Sunday, March 17, 2013

Wrap-up: Harold and the Purple Crayon

I'm woefully behind on my blog, so this is late, but I'm recording it nonetheless.  We spent a week rowing Harold and the Purple Crayon from Five in a Row in late February.  I had pooh-poohed this unit when browsing FIAR because we had read Harold many times and I just didn't think it had much meat in it.  I wasn't sure it was worth spending a school week on.  But since we did own the book, it was too convenient to pass up, especially in February when we need some easy (planning-wise).  Turns out it was a very enjoyable row!

We spread out a long piece of white butcher paper, and tried all of the purple crayons in our big crayon bin.  We sorted them into groups and found that we had the following varieties.  Then I read the story and let them doodle, if they wanted, while I read.  Hazel drew quite a bit of the story!

You can see the moon in the window, the apple tree, the boat, the buildings, the mountain, and the hot air balloon, all from Harold's adventures. 
The next day we did this wonderful color wheel activity on primary and secondary colors.  They loved seeing their color wheels develop from dropping red, yellow, and blue.  

Our science day was on the phases of the moon.  We read a wonderful library book on the moon, and then did the obligatory Oreo moon phases activity, including this worksheet. That was very popular, as you can imagine.  Thankfully, Whole Foods carries a gluten and dairy free "oreo" so that we could include it in our study.  I also made this little model of how the earth orbits the sun, while the moon orbits the earth.  They all enjoyed playing with it, and it really helped everyone to understand how the moon looks different to us at different times of the month.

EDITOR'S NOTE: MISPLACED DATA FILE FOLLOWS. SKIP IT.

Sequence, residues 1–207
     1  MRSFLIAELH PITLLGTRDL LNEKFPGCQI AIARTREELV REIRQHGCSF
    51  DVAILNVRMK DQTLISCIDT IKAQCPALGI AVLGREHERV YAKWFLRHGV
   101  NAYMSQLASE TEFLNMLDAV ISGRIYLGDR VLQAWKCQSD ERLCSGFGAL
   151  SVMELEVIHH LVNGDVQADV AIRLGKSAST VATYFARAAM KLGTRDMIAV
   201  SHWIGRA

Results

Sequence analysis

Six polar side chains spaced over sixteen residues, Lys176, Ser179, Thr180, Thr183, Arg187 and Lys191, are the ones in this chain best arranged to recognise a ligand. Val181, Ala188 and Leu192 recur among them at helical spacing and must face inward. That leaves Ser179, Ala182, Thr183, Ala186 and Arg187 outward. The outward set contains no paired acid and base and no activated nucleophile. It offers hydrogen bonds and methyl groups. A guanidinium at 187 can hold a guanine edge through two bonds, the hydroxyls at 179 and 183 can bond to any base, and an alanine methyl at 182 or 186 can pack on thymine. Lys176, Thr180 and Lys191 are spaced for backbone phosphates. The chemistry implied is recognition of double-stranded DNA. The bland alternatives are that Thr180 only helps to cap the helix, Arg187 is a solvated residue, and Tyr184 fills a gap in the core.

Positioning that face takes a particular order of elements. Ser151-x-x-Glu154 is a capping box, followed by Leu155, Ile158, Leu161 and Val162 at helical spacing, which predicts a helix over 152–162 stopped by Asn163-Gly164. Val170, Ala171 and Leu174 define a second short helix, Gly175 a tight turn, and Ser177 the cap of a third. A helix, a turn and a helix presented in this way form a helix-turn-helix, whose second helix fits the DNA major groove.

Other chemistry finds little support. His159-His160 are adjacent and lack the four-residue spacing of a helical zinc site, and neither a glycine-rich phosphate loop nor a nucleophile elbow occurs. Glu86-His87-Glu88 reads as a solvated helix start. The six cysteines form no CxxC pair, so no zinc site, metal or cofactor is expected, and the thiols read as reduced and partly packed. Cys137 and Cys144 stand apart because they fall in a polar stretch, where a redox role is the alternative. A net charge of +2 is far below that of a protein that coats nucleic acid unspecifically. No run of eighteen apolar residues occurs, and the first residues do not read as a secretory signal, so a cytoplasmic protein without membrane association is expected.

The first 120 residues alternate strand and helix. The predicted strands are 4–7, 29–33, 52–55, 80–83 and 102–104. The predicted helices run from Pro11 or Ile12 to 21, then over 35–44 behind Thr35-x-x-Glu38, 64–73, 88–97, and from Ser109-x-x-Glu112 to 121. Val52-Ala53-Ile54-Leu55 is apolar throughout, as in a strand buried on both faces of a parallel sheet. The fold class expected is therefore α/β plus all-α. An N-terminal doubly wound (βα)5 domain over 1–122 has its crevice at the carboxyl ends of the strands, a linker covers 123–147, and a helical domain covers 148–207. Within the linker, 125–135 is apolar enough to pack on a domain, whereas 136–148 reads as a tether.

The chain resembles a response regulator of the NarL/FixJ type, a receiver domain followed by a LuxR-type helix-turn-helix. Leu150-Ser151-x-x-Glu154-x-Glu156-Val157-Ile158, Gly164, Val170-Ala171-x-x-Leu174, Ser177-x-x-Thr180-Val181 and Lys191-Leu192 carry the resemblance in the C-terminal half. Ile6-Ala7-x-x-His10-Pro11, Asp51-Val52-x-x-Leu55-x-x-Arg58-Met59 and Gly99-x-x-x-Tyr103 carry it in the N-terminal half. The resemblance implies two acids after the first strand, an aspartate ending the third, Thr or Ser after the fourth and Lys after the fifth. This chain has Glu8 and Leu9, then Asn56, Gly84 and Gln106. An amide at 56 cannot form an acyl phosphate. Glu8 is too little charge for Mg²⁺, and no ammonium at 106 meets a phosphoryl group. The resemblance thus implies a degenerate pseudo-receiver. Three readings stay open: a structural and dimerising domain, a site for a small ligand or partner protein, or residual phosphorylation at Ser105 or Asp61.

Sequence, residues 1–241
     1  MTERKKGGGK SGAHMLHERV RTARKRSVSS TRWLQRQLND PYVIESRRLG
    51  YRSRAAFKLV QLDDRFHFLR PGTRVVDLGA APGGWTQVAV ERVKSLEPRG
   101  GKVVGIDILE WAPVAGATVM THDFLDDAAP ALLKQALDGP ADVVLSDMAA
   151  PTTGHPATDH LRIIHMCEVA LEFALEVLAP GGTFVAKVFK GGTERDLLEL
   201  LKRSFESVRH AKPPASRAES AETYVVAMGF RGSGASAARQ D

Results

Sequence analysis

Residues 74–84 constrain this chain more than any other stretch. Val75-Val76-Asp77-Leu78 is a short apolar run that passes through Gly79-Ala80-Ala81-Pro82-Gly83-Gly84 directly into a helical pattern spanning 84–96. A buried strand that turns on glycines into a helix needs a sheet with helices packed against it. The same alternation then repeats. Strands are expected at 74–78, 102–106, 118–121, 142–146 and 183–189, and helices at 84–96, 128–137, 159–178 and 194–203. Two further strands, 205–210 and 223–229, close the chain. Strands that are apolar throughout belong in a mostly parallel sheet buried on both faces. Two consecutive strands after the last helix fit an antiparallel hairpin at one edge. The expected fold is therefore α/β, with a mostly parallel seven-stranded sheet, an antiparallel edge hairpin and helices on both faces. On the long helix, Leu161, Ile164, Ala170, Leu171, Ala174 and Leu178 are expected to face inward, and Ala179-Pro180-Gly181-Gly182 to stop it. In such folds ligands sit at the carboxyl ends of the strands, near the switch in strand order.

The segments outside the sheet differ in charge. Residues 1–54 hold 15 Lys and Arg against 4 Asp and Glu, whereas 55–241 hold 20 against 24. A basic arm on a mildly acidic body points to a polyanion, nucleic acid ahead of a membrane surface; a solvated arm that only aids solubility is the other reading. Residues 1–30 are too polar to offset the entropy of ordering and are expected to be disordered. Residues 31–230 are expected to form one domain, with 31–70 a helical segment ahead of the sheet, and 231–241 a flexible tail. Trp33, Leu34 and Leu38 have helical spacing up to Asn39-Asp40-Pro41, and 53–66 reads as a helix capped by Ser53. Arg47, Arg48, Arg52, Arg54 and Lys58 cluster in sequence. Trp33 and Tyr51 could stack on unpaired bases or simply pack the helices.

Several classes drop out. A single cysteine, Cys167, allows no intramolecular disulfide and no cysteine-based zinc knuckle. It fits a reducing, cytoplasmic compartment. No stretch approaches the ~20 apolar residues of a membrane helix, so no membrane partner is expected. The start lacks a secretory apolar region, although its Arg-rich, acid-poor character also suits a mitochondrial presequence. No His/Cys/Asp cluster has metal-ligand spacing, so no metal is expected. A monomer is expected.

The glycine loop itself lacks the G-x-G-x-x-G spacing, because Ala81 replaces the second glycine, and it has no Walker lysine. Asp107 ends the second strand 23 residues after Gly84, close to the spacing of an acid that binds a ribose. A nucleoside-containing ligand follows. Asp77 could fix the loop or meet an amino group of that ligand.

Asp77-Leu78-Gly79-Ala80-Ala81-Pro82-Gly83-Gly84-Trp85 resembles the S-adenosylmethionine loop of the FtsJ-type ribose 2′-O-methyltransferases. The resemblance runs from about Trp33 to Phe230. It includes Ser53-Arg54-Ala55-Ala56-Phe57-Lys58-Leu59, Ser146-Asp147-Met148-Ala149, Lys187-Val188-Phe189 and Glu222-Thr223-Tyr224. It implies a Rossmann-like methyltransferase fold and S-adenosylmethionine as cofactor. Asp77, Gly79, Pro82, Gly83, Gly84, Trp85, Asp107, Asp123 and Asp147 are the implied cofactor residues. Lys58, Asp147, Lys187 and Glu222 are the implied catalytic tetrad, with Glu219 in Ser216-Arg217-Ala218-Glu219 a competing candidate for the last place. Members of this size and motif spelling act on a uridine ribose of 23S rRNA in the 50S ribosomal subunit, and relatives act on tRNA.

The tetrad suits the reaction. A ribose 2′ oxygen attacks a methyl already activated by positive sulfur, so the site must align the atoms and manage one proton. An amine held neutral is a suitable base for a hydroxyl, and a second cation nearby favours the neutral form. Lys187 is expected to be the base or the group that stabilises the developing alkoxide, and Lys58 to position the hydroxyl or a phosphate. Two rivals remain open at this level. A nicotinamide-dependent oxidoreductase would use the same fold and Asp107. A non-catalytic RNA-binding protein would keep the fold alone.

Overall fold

The last day we made transportation mini books.  This was not new information, so much as an opportunity to do some cutting, pasting, and labeling.  We made these little one-page booklets, and then chose our favorite forms of transportation (whether mentioned in Harold or not) from these little flashcards I printed, cut them out, glued them in, and then labeled them.  They like making books. 

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